I just got back from visiting one of my best friends who recently had a baby. It was a really uplifting experience bonding with my old college roomie on a new level– as mothers. She is someone I admire greatly for her strength, perseverance, compassion and intelligence. While I was there she confided that becoming a mom has been one of the hardest, most exhausting things she’s ever experienced. I was surprised. If she thinks motherhood is hard, then damn, it’s really frickin hard. I’m not blowing smoke over here!!
My visit was a much-needed reminder of how scary and lost I once felt when I first had Noob Baby. Although I didn’t have post-partum depression, I experienced awful feelings of fear, panic, anxiety, hopelessness and loneliness for the first few months after having NB, usually in the evening hours before bedtime. The waves of dread would wash over me as bedtime creeped closer. I’d cry. I’d be almost immobile. I’d feel helpless. Hopeless. I’d feel so lost and lonely in those late hours when it seemed like everyone else was asleep except for me and the unsoothable baby. It took so much to stay composed and rational when all I could see was a long, neverending night ahead of me. Day in. Day out.
Would she ever sleep? Would I ever sleep? Will I be able to go back to my own bed…. EVER? I slept on a borrowed blow up mattress for weeks next to NB’s swing because she wouldn’t stay asleep long enough for me to justify going back to my own bed.
Somehow I survived that. Not once, but twice.
Coming back from my visit, I realized how being with one of my closest friends, her loving husband and their beautiful new baby was an unexpectedly therapeutic experience for me. I hoped to go and offer my love and support for a few days (as best I could), but in the end, it was I who was uplifted and grateful for the trip down memory lane. I suppose I needed that reminder of how far I’ve come along as a mother in the last five years. The best part was having the chance to relive the newness and wonderment of caring for a newborn and witnessing the love and trepidation between two new parents.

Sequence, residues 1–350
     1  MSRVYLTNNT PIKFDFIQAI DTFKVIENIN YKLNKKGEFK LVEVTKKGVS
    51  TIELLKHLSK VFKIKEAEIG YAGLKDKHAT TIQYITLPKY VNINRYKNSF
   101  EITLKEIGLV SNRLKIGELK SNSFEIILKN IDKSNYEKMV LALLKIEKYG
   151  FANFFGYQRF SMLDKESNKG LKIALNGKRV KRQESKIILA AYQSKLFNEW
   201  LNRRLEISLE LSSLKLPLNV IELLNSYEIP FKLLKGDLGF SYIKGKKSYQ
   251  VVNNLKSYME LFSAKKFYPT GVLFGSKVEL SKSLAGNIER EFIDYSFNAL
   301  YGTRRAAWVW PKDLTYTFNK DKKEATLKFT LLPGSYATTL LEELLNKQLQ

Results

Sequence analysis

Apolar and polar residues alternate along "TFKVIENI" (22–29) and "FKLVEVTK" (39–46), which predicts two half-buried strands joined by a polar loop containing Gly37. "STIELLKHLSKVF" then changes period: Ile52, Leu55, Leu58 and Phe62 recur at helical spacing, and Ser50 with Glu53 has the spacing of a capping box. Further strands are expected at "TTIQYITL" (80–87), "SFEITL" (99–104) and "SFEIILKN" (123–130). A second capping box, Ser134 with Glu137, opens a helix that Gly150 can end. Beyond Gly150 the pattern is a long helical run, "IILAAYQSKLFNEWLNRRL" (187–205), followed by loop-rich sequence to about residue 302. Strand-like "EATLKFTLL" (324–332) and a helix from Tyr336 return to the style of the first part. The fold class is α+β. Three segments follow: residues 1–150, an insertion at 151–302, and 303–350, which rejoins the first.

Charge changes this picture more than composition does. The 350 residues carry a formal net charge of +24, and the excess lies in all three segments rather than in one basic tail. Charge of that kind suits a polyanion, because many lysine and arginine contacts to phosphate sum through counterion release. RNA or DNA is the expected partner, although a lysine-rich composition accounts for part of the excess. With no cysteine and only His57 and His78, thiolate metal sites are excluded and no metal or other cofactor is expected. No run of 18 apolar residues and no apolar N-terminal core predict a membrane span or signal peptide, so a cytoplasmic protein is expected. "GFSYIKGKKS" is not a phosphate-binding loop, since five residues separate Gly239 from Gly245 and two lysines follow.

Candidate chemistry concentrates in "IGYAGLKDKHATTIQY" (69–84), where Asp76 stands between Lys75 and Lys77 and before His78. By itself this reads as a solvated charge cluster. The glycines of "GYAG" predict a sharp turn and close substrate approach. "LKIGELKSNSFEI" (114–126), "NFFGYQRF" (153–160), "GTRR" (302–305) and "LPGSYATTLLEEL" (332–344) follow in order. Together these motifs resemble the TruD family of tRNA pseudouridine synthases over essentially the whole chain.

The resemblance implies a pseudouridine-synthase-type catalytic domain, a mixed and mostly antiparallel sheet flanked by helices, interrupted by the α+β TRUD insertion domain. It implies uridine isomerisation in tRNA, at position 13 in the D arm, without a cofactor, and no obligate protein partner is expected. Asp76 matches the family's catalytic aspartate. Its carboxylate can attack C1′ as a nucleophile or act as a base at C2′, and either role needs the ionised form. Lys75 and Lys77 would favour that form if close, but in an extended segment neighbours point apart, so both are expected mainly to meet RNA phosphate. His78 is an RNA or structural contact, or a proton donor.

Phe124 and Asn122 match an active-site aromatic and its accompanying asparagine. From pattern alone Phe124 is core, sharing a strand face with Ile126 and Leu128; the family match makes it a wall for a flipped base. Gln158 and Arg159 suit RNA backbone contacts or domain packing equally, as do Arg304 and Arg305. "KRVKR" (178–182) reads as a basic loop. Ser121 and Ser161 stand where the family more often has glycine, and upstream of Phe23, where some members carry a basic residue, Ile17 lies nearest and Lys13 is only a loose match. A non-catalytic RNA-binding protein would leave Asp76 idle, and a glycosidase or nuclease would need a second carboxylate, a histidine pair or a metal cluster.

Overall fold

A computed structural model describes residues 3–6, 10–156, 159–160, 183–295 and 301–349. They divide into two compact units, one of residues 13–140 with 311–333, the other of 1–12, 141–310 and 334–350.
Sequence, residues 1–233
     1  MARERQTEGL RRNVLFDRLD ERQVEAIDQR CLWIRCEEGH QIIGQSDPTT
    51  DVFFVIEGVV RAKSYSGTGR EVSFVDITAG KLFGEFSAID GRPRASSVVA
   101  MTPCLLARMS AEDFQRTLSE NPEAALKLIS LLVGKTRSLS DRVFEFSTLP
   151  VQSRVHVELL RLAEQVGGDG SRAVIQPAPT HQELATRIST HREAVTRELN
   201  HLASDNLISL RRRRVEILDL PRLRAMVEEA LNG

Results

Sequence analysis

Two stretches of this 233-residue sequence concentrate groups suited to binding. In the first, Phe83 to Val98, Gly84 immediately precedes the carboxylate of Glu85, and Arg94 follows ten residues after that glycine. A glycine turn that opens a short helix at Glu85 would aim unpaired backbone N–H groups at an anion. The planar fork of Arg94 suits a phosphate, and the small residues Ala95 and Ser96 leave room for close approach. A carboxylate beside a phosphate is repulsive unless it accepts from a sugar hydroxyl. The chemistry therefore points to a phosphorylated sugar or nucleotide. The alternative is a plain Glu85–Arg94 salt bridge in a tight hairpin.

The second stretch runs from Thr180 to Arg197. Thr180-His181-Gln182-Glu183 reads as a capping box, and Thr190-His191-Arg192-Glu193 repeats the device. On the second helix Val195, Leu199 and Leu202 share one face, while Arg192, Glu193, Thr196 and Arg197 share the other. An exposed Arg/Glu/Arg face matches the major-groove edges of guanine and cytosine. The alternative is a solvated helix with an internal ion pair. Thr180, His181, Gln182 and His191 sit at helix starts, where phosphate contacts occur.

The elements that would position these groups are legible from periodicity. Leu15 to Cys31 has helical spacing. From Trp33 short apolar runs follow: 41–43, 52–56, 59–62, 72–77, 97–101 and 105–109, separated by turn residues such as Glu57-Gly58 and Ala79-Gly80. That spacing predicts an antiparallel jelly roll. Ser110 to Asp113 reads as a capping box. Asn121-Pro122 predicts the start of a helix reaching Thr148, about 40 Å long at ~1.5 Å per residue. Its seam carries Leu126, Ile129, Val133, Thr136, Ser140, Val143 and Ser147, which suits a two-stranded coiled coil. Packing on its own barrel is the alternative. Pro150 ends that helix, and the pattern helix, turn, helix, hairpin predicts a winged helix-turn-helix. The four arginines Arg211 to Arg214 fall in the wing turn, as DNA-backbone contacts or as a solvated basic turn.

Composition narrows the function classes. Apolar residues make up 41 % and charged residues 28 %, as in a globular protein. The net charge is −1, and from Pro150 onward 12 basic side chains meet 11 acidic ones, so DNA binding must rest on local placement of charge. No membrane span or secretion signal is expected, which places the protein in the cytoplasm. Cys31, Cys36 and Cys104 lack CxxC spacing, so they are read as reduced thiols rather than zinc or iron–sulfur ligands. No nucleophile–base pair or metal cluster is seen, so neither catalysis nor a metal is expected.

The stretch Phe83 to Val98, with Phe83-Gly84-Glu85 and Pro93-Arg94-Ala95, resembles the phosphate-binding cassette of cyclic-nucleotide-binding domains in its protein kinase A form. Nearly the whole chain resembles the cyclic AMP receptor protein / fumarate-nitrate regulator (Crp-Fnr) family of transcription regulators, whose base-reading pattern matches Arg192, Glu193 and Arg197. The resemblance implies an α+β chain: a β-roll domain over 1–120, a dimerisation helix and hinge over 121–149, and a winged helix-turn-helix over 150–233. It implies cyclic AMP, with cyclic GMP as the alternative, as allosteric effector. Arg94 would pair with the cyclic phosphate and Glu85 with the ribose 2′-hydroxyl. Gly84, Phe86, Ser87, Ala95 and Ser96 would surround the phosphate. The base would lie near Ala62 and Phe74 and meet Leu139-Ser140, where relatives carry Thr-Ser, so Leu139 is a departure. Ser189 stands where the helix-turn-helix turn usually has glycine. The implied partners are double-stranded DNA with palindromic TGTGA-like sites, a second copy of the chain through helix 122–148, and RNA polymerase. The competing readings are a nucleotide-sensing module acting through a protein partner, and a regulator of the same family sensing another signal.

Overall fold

You Are Not A Failure!
Being there also reminded me how many new parents often feel like failures, when they’re not! My friend was so hard on herself, yet, it was completely evident to me how loving, responsive and tender she was with her precious little girl. When your brain is running on empty, it’s hard to put things into perspective. I know how incapacitating the feelings of exhaustion + frustration can be. Remember… lean on your loved ones. Ask a friend to bring you some hot food so your brain and body can recharge. Forget the laundry. And when you’re lonely, seek other moms who know what you’re going through. That is how this blog came about after all. Five years ago, I wanted to connect with other moms who would understand my desperation and noobiness.
With the start of the new year, I thought it would be a great time to celebrate all the wonderful new moms out there who are probably feeling just as terrified and hopeless as I did five years ago. Just remember, you will soon be out of this shitty, confusing phase of half-asleep-always-awakeness and be dispensing your own snarky unsolicited advice in no time. You will get some sleep. Your baby will one day learn to sleep (without you). Or so I’ve heard 😉
There is light at the end of the tunnel.
Until then, enjoy all the noob moments; because you’ll be out of this tunnel before you know it. Enjoy traversing around town in your stretchy pants because no one’s going to judge you for the first
6 4 10 months or so (unless you’re French, then 1 month tops). Snuggle your baby who smells like heaven. Know that you’re doing your best and that’s all that matters. Know that babies are crazy. Know that there is no magic formula and whatever works now probably isn’t going to in a few months… so fuck it. Know that you’re now part of the biggest sorority on earth and it’s Rush Month(s)… that’s why you feel like you have the worst f$!@%#* hangover of your life.
I appreciate all of you lovely readers who’ve somehow found my blog and care about what I have to say. Thank you for sharing your comments with me. And thank you for sending me your gracious mombie emails at 3 am when all you want to do is sleep.